Stephen: 01:37:03 Technology? Um, I don’t use a lot of technology, so I’m not really sure. In effect, I find it’s, um, extremely helpful for me to print out, uh, as I write. So if I, even if I’m writing a 450 word essay, I will, I might print it out eight times or I repeatedly printed out it because, I just see it differently and better how on paper and see that the see it in his entirety rather than the little bit you can see on the screen. And I am always find that I can write it better if I can see it. So I still use a lot of old fashion techniques in that sense. I will sometimes write on paper still too, because I find that I, I did say I write almost always in my room, but it’s not completely true. I will sometimes write outside, uh, but generally, even in my room, if I’m finding, uh, somehow I just feel moved to write it with a pen, pen and paper. And, uh, it’s sometimes somehow brings up something that feels, maybe it’s a kind of romantic image of a writing rather than, you know, writing on a lap. I know keyboard and, but something comes up. Technology. I’m not sure what else. I, I do carry my laptop with me all the time and it’s, so it’s always, I’m always able to write whenever I have, uh, uh, some time. Um, I don’t write on my iPhone, I don’t write on my, uh, I don’t have a iPad or anything. Um, I’m, yeah, I’m not very savvy with tech. I think other people are using far better.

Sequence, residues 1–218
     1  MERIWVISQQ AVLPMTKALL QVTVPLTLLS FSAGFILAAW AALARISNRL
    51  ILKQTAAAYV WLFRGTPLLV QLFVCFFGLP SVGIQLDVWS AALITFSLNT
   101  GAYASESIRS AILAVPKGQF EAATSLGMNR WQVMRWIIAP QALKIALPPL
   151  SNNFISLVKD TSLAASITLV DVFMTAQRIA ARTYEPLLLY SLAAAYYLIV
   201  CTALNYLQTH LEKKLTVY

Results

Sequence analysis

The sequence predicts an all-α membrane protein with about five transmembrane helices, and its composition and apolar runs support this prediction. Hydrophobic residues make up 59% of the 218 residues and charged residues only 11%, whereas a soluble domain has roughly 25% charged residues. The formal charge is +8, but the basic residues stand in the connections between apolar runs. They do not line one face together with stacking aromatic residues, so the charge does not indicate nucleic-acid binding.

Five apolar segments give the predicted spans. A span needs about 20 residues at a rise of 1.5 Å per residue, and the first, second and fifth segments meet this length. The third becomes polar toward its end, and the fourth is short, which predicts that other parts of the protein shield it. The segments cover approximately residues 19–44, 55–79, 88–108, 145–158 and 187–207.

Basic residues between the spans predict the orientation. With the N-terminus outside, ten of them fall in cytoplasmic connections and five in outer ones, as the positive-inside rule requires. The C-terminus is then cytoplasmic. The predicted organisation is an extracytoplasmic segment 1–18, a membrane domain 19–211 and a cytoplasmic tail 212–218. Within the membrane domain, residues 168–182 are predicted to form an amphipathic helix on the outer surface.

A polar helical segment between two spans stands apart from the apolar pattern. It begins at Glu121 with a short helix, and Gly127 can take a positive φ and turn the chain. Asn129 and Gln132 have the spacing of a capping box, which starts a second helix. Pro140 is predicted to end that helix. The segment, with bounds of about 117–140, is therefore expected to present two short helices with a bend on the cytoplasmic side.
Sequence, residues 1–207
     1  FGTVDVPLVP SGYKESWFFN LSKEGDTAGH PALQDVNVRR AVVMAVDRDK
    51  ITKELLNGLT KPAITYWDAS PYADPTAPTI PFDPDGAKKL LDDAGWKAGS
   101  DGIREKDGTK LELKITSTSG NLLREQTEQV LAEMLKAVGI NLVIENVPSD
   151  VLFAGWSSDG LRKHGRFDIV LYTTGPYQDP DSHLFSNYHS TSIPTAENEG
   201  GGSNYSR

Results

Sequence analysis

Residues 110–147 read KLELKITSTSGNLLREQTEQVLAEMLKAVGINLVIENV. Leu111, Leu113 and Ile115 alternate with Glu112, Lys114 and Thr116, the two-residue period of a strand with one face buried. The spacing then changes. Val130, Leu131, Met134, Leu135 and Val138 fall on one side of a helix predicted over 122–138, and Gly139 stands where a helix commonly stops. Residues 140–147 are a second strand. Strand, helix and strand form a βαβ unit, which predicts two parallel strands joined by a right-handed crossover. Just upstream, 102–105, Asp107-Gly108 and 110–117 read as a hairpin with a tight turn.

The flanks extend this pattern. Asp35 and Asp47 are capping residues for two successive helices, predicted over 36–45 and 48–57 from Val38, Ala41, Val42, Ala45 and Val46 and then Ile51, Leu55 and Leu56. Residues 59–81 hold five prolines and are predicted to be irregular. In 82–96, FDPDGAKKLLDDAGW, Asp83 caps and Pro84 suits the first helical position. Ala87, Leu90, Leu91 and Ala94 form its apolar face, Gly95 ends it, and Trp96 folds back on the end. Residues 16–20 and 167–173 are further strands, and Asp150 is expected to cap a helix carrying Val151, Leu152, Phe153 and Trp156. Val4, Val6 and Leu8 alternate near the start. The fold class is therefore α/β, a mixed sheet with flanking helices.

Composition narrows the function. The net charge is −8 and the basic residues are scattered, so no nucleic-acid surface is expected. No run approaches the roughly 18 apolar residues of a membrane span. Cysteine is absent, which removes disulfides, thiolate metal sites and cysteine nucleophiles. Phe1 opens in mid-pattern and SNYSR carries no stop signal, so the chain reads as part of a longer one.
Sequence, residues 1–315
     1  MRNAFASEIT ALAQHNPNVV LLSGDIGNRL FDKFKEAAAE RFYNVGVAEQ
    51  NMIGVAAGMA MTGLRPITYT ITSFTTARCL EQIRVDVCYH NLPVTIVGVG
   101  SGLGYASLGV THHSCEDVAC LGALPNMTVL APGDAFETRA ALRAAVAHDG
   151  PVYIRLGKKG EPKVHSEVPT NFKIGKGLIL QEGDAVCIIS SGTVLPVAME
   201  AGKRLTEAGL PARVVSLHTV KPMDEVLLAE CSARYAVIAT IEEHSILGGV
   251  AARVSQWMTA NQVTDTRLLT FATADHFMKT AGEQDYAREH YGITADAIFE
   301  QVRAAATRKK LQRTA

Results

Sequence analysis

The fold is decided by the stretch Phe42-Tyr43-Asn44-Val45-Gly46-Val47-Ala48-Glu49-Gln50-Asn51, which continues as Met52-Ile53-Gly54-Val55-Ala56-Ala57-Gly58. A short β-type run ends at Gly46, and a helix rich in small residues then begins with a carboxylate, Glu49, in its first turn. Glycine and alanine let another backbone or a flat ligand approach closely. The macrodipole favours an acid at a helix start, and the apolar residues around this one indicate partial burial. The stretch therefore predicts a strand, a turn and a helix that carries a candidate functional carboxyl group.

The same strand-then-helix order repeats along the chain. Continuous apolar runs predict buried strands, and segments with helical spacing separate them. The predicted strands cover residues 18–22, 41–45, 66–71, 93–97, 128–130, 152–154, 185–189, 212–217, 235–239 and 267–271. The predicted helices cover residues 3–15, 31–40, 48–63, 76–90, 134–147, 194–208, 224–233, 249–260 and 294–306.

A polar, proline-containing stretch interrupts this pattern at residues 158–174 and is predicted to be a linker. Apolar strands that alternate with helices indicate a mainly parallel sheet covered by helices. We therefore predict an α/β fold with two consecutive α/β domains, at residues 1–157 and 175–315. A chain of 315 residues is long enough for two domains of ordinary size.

Bryan: 01:38:51 Well, what I love about that is you, you know, despite not being savvy with tech, you get it done right? And that’s the thing that you cross the finish line, you get it out into the world. And so the means is sometimes interesting and useful, but I think ultimately all of us, like with pretty much everything in life, find our own way. So let me ask you this about creating sentences. Um, what are the qualities of a great sense and how can we write more of them?